The origin and start of the Prague Spring

Prague Spring

On the 5th January 1968, the Prague Spring began when Alexander Dubček became the new First Secretary of the Communist Party of Czechoslovakia. The Prague Spring lasted for just over seven months before the Soviet Union, along with other members of the Warsaw Pact, invaded Czechoslovakia to bring the reforms to a halt.

Dubček was a committed Communist, and had been First Secretary of the regional Communist Party of Slovakia since 1963. However he struggled to work with Antonín Novotný, the President of Czechoslovakia, under whose control the country experienced a slow and uneasy move towards destalinization while suffering a huge economic downturn. Frustrated by Novotný’s failure to effectively restructure the country, Dubček and other reformists challenged him at a meeting of the Central Committee in October 1967. In response Novotný secretly invited the Soviet leader Leonid Brezhnev to visit Czechoslovakia to secure his support. However, this plan backfired when Brezhnev learned just how unpopular Novotný was and instead lent his support to remove him from power.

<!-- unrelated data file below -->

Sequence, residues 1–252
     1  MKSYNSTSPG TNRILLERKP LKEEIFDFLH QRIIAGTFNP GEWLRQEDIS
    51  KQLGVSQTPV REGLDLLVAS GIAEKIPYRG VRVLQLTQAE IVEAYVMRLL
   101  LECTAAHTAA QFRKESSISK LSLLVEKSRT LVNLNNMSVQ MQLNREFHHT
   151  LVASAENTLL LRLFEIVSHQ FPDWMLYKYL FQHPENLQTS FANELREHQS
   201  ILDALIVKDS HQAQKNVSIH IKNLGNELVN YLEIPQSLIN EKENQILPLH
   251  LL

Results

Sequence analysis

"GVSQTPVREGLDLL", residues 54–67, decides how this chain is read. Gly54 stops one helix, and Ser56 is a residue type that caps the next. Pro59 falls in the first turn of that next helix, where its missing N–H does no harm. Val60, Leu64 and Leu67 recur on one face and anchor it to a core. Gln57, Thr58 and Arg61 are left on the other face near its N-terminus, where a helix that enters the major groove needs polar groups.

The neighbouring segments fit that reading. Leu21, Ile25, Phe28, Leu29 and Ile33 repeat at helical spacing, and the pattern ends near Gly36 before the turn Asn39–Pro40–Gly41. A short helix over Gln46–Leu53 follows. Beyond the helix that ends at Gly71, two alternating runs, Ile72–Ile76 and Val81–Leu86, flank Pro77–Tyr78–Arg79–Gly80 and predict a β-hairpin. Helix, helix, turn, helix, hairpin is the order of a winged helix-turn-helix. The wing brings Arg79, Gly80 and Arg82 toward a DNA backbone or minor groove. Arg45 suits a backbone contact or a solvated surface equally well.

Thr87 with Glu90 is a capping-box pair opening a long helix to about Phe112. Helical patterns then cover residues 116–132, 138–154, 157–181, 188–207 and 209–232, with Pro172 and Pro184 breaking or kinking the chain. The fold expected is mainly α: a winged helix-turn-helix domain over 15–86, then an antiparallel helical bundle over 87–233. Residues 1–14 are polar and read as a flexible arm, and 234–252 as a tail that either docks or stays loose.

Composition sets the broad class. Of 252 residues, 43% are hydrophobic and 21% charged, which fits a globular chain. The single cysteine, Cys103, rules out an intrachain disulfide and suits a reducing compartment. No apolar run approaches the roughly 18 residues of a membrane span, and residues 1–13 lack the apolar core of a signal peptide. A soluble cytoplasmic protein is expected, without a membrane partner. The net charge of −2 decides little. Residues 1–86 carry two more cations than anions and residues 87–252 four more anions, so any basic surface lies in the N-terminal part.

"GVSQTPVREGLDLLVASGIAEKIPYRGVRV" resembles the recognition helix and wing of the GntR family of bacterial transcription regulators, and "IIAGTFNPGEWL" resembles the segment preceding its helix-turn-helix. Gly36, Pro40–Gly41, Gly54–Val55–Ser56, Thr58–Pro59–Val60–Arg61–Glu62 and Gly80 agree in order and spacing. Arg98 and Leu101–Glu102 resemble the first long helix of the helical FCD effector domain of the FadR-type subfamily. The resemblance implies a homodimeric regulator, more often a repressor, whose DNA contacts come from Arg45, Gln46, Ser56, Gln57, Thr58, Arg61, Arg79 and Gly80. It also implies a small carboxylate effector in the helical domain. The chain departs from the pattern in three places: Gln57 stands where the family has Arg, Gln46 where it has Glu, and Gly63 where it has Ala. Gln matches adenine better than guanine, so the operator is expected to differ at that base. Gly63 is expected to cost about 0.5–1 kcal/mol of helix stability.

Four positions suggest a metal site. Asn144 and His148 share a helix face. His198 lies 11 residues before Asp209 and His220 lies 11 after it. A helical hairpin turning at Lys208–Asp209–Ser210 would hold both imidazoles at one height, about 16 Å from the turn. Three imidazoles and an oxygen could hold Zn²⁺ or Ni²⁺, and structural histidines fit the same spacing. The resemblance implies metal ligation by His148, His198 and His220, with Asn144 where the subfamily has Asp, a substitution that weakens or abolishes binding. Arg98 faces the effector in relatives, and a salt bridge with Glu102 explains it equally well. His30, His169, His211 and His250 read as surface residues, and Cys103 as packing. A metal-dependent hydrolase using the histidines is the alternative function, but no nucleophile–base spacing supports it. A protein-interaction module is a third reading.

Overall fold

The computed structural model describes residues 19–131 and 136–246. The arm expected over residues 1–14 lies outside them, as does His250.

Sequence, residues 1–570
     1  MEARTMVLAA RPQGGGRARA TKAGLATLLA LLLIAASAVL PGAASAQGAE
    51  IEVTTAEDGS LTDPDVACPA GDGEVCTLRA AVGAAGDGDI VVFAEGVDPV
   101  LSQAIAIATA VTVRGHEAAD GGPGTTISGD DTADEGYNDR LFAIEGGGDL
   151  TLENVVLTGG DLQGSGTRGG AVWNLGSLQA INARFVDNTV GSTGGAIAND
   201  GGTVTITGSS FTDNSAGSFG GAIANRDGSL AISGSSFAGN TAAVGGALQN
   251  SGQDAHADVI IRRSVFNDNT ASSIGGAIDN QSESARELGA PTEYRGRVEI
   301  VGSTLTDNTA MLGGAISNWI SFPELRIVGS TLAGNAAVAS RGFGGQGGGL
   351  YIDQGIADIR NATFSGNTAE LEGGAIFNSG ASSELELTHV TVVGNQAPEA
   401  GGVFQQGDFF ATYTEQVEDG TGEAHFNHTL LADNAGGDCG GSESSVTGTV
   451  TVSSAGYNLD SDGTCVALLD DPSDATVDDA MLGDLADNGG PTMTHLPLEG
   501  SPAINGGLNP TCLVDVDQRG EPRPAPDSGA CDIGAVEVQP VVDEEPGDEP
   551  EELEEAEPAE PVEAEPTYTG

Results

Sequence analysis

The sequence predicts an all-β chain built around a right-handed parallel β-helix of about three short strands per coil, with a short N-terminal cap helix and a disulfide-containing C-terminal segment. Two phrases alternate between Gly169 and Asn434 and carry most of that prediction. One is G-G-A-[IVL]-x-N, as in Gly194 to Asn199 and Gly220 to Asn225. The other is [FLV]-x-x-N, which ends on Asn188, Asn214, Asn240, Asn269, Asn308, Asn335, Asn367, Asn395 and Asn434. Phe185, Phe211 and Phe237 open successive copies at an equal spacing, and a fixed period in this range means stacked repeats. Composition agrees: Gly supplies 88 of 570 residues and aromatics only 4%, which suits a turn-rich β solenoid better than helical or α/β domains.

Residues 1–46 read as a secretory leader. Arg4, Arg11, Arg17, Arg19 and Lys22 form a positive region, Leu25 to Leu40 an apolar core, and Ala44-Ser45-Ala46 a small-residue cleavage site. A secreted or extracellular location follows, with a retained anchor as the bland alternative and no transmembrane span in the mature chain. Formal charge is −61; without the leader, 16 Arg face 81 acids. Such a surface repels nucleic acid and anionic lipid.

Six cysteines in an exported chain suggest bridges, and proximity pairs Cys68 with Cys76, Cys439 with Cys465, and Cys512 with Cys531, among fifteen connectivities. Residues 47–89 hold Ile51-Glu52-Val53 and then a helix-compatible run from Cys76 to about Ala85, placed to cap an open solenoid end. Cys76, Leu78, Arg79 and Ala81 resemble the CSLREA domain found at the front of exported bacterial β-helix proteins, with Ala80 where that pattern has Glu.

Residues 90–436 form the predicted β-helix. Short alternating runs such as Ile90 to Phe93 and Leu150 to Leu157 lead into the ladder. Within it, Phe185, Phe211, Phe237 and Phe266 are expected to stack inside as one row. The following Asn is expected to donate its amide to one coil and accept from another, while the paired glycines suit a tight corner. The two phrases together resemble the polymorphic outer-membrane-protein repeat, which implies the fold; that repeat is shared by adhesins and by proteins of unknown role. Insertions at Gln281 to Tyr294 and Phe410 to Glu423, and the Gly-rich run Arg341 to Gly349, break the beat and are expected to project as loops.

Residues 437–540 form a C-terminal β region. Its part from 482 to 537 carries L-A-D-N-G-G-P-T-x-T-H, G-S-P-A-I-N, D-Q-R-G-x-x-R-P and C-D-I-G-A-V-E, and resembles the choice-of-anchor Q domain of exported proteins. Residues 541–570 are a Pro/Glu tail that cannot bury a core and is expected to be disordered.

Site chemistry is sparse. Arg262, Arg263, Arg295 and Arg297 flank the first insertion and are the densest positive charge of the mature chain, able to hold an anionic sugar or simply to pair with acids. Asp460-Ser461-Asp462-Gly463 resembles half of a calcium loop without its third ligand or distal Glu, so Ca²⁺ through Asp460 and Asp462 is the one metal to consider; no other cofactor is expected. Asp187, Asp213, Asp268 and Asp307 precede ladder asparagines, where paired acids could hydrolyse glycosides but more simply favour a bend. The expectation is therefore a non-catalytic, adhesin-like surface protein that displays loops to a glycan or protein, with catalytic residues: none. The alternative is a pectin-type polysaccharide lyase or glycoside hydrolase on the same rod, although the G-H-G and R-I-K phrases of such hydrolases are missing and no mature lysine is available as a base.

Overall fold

Consequently Dubček replaced Novotný as First Secretary on the 5th January 1968, and quickly began to introduce a series of political reforms. Known as “socialism with a human face” this political programme was intended to maintain Communist control of the government while allowing mild democratisation and political liberalisation. However, as the reforms took hold the government was faced with public demands to go even further. At the same time, the USSR and other Warsaw Pact countries began pressuring Dubček to bring the Prague Spring under control. On the 20th August they took matters in to their own hands and invaded Czechoslovakia.

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